This guide describes how Governors can – through a collaborative planning process – convene key stakeholders to accomplish each of these objectives and provides examples of state actions that may serve as best practices. Appendix A provides an action planning template key stakeholders can use to guide the collaborative process described in this guide.
More than half of Americans will be diagnosed with a mental health condition in their lifetime and may experience associated barriers to entering and maintaining employment. At a time when nearly every sector of the economy is struggling with workforce shortages, Governors and private sector leaders are prioritizing worker mental health to improve both individual and statewide economic resilience. During the National Governors Association’s (NGA) Winter 2023 Workforce Symposium, the National Association of State Workforce Board Chairs and the National Association of State Liaisons for Workforce Development Partnerships – affiliate networks of the NGA Center for Best Practices – heard from public- and private-sector leaders about strategies to improve worker mental health. Moderated by Marianne Gibson, Program Director for Substance Use and Mental Health at the NGA Center for Best Practices, the panel featured Assistant Secretary of Labor Taryn Williams from the U.S. Department of Labor’s Office of Disability Employment Policy; Elisabeth Arenales, Senior Policy Advisor to Colorado Governor Jared Polis; and Anne Oxrider, Senior Vice President and Benefits Executive at Bank of America. The conversation highlighted Governors’ leadership to support worker mental health and surfaced three key strategies for state workforce systems to better serve workers with mental and behavioral health conditions: foster interagency coordination; leverage private sector best practices and partnerships; and grow the behavioral health workforce.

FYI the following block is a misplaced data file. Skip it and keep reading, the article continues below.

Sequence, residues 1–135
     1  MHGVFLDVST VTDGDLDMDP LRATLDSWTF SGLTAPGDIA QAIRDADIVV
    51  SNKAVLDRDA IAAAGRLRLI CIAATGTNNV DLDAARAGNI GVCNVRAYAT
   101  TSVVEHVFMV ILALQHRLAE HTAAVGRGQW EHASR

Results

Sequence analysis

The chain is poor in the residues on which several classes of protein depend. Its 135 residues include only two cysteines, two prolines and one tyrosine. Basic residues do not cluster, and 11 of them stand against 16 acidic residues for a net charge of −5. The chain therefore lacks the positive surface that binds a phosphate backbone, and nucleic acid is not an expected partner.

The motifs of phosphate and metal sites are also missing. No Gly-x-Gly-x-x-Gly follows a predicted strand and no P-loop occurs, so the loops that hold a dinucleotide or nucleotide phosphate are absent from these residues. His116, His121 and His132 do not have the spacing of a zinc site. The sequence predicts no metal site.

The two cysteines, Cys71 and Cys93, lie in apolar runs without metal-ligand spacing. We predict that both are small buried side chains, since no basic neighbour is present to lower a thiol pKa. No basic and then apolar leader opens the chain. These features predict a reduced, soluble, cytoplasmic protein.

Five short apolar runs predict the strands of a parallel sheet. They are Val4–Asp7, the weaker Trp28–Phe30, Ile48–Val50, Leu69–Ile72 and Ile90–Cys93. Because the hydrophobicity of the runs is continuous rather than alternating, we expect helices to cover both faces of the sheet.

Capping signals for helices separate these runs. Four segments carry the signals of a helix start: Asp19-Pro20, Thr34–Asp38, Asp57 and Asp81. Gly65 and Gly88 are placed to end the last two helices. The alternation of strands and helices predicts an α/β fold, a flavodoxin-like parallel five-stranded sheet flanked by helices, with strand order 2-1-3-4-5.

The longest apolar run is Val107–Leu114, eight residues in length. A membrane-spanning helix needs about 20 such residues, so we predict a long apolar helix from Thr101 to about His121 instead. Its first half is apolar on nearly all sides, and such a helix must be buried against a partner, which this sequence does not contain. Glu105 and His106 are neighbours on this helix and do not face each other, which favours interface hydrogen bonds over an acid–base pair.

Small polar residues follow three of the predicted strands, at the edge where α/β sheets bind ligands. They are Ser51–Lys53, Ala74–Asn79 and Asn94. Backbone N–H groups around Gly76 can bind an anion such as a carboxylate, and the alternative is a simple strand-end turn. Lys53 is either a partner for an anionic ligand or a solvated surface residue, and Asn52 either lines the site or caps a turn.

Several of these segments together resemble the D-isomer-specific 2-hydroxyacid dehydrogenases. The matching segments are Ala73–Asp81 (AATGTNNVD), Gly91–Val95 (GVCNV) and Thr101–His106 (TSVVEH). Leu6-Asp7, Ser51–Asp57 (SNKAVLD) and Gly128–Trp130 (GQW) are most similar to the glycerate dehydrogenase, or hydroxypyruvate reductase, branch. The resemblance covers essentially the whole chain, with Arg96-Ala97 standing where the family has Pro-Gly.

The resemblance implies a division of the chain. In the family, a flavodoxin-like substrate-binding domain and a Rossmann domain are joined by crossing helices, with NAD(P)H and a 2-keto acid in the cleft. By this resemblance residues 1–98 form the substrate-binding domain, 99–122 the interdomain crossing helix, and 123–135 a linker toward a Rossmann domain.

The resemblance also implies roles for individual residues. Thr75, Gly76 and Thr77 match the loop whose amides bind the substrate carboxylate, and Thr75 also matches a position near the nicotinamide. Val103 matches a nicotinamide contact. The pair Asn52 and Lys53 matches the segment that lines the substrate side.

The unemployment rate among the one in four American adults living with a disability is more than double the unemployment rate of people without a disability. Barriers to training and employment contribute to a 38% labor force participation rate for people with a disability compared to 78% for people without a disability. Workforce shortages require Governors and policymakers to engage previously untapped talent, especially among underserved populations, including people with disabilities, to develop resilient pipelines that meet current and future labor force demands and provide equitable access to employment and economic opportunity.
Building inclusive apprenticeship programs for people with disabilities is a proven strategy that can lead to strong wages, a pathway to future career opportunities and sustainable permanent employment in high-quality jobs. States can work to expand access to apprenticeships for workers with disabilities to develop a more diverse, skilled workforce through strategies including: developing pre-apprenticeship programs and providing wraparound supports; leveraging the state’s role as a model employer; and educating employers about the benefits of sponsoring apprentices with disabilities.